Where do you intend to use this notebook? You may need to take your notebook computer out into the great outdoors in the middle of winter, or to a beach or on a camping trip.  There are a number of systems that are specifically built to support computing in extreme or physically rough locations.  Perhaps the most popular platform is Panasonic’s platform of rugged Toughbooks.  Perhaps your notebook computer will only ever be used to surf the web in a coffee shop, in that case almost any notebook will do, however you may want to watch the weight and features and keep them to an absolute minimum.  You might even want to consider a tablet instead.  If you are someone who will be shuttling your notebook between work and home and wherever else your work will take you, then a well-built system with a metal case and full features including a DVD player should be of high consideration – but you’ll pay for it in weight.  If general use is what you’re after, then as with every notebook choice, be sure to pay attention to the size of the battery and the stated lifespan.  Generally, user’s don’t get as much battery life as manufacturers claim, however some systems come with swappable batteries, or the option to purchase a larger main battery.  If running without access to an external power source is of importance to you, then the bigger the battery, the better.  Arm-based processors and Mac notebooks traditionally have far longer on-battery life than Intel-based notebooks.

Will you be using this in conjunction with other computers? Some people simply use a notebook for occasional use when they are going to be away from their primary desktop PC, others have completely abandoned their desktop and now only compute with a notebook.  If you intend on sharing your work between more than one computer, how will you be sharing the data files you are working on?  If they are sensitive or should not be accessed by anyone else, then be sure not to send them via email, as everything you send in an email is as visible as the note on a postcard.  Many people have adopted the use of Cloud Computing, where files and applications exist in “The Cloud” which is a simply a metaphor for the Internet.  When you select a cloud storage option you will want to consider the cost, location where your data is stored and backup.  Most services start out as free, but what will it cost you if you need to expand your storage?  If the data that you store is legally restricted from being stored outside of your national borders, does the cloud service you are using guarantee this?  In the unlikely event that your cloud hosting provider goes out of business or loses your files, how easy will it be for you to go to your backup copy of these files (you do have a backup of all your files, right?).  And finally, if you are using a cloud system, how easy and secure is it for you to share some or all of your files with others?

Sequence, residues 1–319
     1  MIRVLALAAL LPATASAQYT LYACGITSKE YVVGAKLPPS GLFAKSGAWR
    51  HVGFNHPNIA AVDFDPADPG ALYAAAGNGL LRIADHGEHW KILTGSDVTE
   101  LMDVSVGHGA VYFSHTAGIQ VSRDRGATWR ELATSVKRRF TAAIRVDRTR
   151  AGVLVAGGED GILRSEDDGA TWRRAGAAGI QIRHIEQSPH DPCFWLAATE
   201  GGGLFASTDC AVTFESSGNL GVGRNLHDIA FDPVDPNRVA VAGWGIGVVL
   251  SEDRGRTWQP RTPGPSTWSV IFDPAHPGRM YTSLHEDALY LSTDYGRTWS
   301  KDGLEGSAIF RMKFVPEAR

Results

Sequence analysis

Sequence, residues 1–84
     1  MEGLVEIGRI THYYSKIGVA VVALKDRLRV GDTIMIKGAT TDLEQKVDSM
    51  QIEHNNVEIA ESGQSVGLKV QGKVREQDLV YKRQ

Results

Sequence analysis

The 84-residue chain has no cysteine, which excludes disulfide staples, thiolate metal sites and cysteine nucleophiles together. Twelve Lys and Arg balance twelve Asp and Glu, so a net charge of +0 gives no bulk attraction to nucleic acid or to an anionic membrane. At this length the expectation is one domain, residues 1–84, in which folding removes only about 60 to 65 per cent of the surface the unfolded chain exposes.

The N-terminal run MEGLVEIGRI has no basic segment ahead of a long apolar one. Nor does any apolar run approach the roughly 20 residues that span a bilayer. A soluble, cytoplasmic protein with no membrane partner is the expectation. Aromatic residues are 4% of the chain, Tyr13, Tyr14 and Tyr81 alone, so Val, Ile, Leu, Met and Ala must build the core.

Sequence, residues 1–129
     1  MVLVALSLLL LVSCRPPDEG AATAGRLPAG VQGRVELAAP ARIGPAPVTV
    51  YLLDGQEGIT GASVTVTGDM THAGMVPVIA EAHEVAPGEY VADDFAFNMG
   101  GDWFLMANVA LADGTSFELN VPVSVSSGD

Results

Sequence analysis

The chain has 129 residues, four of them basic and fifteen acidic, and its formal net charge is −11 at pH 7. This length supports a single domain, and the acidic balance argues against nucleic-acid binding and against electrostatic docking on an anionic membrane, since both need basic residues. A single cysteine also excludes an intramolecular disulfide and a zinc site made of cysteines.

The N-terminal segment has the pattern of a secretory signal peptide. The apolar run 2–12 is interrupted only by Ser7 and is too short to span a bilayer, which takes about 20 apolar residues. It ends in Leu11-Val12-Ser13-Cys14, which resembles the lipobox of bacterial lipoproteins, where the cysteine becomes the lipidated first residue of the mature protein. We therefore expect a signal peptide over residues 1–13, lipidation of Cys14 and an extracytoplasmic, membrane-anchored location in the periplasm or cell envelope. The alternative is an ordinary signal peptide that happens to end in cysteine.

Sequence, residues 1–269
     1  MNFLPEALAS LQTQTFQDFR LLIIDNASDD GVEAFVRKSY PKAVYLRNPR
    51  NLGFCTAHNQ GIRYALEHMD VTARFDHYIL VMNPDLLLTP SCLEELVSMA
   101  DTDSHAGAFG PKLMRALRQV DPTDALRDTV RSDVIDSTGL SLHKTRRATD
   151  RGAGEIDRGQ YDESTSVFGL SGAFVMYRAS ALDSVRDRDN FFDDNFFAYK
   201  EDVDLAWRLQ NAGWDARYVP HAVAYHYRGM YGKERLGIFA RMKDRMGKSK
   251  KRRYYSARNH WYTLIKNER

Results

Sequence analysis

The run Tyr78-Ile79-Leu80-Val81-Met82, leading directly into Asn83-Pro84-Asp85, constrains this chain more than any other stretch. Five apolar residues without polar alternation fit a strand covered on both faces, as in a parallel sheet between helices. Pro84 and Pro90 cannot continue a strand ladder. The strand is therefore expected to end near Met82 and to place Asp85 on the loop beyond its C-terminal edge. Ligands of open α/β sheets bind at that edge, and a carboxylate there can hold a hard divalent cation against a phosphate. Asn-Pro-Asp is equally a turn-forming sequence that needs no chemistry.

Do you truly need a notebook computer, or will a desktop or tablet serve you better? After all of this consideration, one final question; do you really need a notebook computer?  Only you can answer this question, but it is the one last hard question that you should face before taking cash in hand to buy that shiny new tool.  If you are wondering if a Desktop Computer might make more sense, take a few minutes to check out our article on An Ideal Desktop Computer.

Ron McMahon About Ron McMahon
singlePOINT is your source for independent, professional IT analysis, advice and services. With over 30 years of IT industry experience in support of both small and Fortune-500 clients, we know what to look for and have the experience that your organization can benefit from.

An Ideal Notebook Computer

Ron McMahon

singlePOINT is your source for independent, professional IT analysis, advice and services. With over 30 years of IT industry experience in support of both small and Fortune-500 clients, we know what to look for and have the experience that your organization can benefit from.